If you create plugins and themes for clients and host them on GitHub, then you may have encountered the hassle of having to move those files over to your client’s installation. On super cheap hosting packages, where SSH access is not an option, this process inevitably requires manually copying files over via FTP.
This is the problem that Danish developer Peter Suhm aims to solve with his new WP Pusher product. The plugin aims to bring pain-free deployment of WordPress themes and plugins directly from GitHub and Bitbucket.
“If you happen to be an actual developer, I guess you have a few preferences as to how you manage and deploy your code,” Suhm said. “I’m talking about stuff like version control and automated deployment scripts. Good luck with that on your clients’ cheap-ass shared hosting account.”
Suhm developed WP Pusher with the vast majority of cheaply-hosted WordPress sites in mind. Additionally, he wanted to eliminate some of the hangups with more expensive hosts. “Even if you are running a shiny new VPS and have SSH access, Git installed and you think all is well, soon you’ll realize other weird things,” he said. “You can’t have symlinks in your /plugins folder just to mention one.” WP Pusher gets around these limitations via a simple plugin that does not require Git or SSH.
How Does WP Pusher Work?
Once installed, WP Pusher allows you to install and manage all of your GitHub or Bitbucket-hosted plugins in one central dashboard in the admin. Enabling the Push-to-Deploy feature will have your code update itself automatically every time you push to GitHub or Bitbucket.
The plugin supports private repositories in its free edition and includes support for branches in the Pro version.
WP Pusher is essentially an extension of the built-in auto updater in WordPress, which Suhm explained in the plugin’s release post:
After a lot of prototyping, and hacking around with the WordPress core, we came up with a smart solution. By utilizing the WordPress core upgrader classes, we could solve the problem in a really clean way.
Since WordPress already knows how to pull stuff from a remote source and install it, we realized that by working together with WordPress, instead of just throwing random automated SSH and FTP scripts at the server, we could just have WordPress do the work for us -with a lot of tweaking of course. In the end, our solution doesn’t do anything that is not native to WordPress. It’s all core functionality.
WP Pusher does everything in the plugin and does not require shell access. It communicates with GitHub via a token stored on your server and operates using WordPress’ core updater capabilities.
Different Approaches to Managing WordPress Projects with Git
In order to use WP Pusher, each GitHub-hosted plugin and/or theme will need to be in its own repository. While beta testing WP Pusher, Suhm found that developers have differences in how they manage WordPress projects with Git. The most common one he’s encountered is one installation, one repository, where the entire WordPress installation, including themes and plugins, is under Git control. Suhm believes that this approach is fundamentally broken, given that it requires you to keep a lot of 3rd party code under version control.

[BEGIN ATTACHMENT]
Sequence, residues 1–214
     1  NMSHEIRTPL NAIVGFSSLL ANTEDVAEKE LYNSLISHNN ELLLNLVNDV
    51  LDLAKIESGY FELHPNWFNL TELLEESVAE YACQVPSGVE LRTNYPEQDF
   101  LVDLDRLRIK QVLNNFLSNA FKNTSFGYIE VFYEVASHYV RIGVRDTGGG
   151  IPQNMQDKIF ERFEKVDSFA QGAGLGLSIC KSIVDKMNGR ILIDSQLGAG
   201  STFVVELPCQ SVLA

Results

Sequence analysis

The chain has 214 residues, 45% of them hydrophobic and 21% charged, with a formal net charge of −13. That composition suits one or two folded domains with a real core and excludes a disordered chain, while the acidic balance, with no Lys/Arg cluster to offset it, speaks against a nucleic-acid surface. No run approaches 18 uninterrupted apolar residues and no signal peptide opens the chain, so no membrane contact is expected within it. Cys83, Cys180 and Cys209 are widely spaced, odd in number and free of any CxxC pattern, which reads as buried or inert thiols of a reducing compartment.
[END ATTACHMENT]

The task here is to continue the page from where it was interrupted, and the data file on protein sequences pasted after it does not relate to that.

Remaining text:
WP Pusher operates under a “one package, one repository” approach where each theme or plugin is its own entity. This method also offers the advantage of being able to share theme/plugin code across multiple projects.
“WordPress relies heavily on the auto updater, which would make your version control a mess,” Suhm explained. “If you do have something that is more enterprise than most WordPress setups, you should consider a custom setup that allows better for version control of core. Packages should still, in my opinion, each have their own repositories, since they are logically their own entities.”
WP Pusher is structured around this approach for managing WordPress projects with Git. You may need to restructure some of your repositories if you want to be able to use the plugin.
The free version offers unlimited themes and plugins, unlimited repositories, and support for both GitHub and Bitbucket. It does not, however, include email support. WP Pusher is compatible with WordPress multisite and will show up in the network admin when activated. It doesn’t currently support Composer but Suhm is considering adding it in the future. The plugin is released under the GPLv2 license.
WP Pusher offers a unique take on maintaining version control for projects while not forcing WordPress to bend over backwards to provide it in the admin. It leaves the version control to GitHub and/or Bitbucket and uses WordPress simply for deployment.
Setup is simple and the plugin will work virtually everywhere, even on the cheapest hosting. If you like the idea of maintaining version control on a plugin/theme basis, you can download the WP Pusher plugin for free from the project’s website.
That’s amazing service. I’m using dploy.io to deploy code to my servers, but the free plan allows only 1 repository (it supports both public and private repos). This service looks very promising, and the best part is it’s integrated with WordPress. I love it!